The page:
To get maximum absorption you actually need to get the leather soaking wet. I do a thorough saturation about 2-3 times a season (the last one being before I store them). I wrap my boots in soaking wet towels and leave them in a utility sink/bath for a few hours. The absorption of the cream is amazing- when the leather is wet. Other than that- I spot treat the flex points of my boots every time I take them off- just to prevent eventual weakening and cracking of the leather. The full-saturation of the leather will make them completely waterproof and protect the leather from drying, cracking, and abrasion (even the typical abrasion caused by crust and vegetation).

The fact that it is water-based is important and confusing. The water-based products have at least two key attributes. One (as others have pointed out): it doesn't over-condition the leather and undermine its strength (i.e. the boot will maintain its stability). Two: it doesn't alter the characteristics of the boot's inner liner. On the second attribute- if your leather boots have an inner, non-leather liner (i.e. designed to improve comfort; wick moisture; insulate; water-proof; etc., etc.)- a water-based treatment will not damage the liner. For example- the Alpina Alaska has multiple inner liners and foam designed to: insulate; provide support and stability; a custom fit; moisture-wicking; and waterproof. Of course other manufactures have similar designs. An oil-based product will saturate these inner layers and they will fail to insulate properly; they will no longer be waterproof; and they won't breathe. In other words- your feet will be wet and cold.

Getting to your comments about the cream versus spray. The spray products are designed to waterproof suede, split leathers, nubuck, etc.- with a focus on preserving the aesthetic or cosmetic qualities of the leather (i.e. look and feel). The spray products will "waterproof" the leather (only temporarily)- but they will not condition the leather, nor protect it. I have never gotten more than a few hours of waterproofness out of a spray product. However- a cream product will completely change the aesthetic of a split leather- it will darken and become smooth (and your Alaskas will become red). To be honest- I am somewhat convinced that the split leather of a boot like the Alaska is actually purposely designed to encourage absorption of cream treatments (many mountaineering boots have a split-leather outer as well). As alternate example- my current pair of heavy-duty backpacking boots are thick nubuck. Although the nubuck is beautiful and tough- I find it frustratingly difficult to treat (if the boot didn't have a GTX liner I kinda doubt I would be able to keep it waterproof). Unconditioned full-grain leather (i.e. not nubuck), and split leather is much more absorbent.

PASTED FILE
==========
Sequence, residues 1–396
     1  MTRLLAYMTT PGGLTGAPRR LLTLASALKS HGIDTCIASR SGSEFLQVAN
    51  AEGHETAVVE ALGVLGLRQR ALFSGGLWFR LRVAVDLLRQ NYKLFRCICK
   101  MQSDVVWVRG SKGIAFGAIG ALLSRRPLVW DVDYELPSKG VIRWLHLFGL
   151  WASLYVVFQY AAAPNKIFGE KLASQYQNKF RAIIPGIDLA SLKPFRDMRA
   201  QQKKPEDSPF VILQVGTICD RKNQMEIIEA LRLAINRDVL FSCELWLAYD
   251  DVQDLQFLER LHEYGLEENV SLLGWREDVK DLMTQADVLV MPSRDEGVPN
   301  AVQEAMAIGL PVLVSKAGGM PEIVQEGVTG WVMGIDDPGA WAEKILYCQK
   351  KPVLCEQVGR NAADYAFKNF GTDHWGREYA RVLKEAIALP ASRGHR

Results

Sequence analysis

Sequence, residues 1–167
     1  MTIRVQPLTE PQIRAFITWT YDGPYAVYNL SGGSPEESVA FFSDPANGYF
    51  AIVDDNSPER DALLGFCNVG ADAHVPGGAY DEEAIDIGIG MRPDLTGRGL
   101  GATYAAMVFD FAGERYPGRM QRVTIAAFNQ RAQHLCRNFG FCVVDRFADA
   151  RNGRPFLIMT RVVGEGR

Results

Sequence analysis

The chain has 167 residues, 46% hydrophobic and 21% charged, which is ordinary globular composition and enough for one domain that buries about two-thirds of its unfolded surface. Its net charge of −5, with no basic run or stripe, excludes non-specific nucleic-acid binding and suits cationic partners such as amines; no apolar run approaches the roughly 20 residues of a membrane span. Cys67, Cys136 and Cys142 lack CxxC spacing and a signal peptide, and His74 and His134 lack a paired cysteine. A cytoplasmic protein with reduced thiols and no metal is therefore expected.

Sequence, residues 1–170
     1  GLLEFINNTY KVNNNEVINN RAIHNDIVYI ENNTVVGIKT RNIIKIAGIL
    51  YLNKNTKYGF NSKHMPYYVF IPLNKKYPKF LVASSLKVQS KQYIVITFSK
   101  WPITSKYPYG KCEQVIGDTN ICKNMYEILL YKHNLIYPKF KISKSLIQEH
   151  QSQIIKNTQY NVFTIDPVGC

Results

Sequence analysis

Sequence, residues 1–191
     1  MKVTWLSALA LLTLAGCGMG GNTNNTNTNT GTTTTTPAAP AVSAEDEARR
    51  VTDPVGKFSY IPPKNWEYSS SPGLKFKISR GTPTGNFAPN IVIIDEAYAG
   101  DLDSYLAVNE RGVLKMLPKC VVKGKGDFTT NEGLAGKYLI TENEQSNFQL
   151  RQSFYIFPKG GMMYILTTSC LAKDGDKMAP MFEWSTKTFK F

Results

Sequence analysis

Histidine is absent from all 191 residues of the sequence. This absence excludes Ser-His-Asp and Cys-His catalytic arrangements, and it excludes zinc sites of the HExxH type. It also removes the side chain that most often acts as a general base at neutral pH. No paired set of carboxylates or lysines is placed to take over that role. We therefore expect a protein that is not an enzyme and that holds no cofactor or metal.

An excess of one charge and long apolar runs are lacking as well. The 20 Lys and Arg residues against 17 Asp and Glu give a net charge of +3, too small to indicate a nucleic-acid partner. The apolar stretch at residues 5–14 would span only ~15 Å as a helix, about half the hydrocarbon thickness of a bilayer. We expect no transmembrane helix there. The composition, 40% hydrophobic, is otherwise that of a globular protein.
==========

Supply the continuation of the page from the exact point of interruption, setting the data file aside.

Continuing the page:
Oil-based products will over-condition the leather (as others have said) making it soft and weaker (this may be desirable in an extreme boot like a heavy-duty leather logger's boot). For a ski boot it would turn it into a floppy slipper.

Products like "sno-seal" are made from beeswax. Beeswax is an excellent waterproof treatment- but it will not maintain and condition leather. Another note- and this is important: if you plan on re-soling your boots don't use a beeswax product. According to the manufactures and the cobblers- beeswax will prevent proper adhesion of glues, when putting on a new sole. And apparently- once you have applied beeswax- it is impossible to get rid of the residue. So if you've got a boot with a traditional welted sole- I would not recommend a beeswax-based treatment.
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Re: Leather boots care and maintenance

Post by connyro » Fri Aug 28, 2015 9:59 am

WOW LC, That's a good read! I've never been satisfied with the spray-on water proof stuff. Like you point out, in wet conditions, it only lasts an hour or two at best. I had never heard about soaking boots before applying water-based creams. Thanks for the great information.

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Re: Leather boots care and maintenance

Post by lilcliffy » Fri Aug 28, 2015 3:25 pm

Yeah- at first it seems counter-intuitive to apply leather waterproofing treatment to wet leather...for years I used to make sure the leather was as dry as possible- with mediocre results. Then I got instructions for applying to wet leather (from the manufacturer)- and the improvement in absorption was like night and day. Not only is the absorption more effective (i.e. it penetrates deeper)- I also found that I end up consuming less cream, and doing less applications per season.

With the leather wet- the water-based creams fully penentrate deep into the leather.

Oil-based treatments are equally effective, but have all the negative side effects.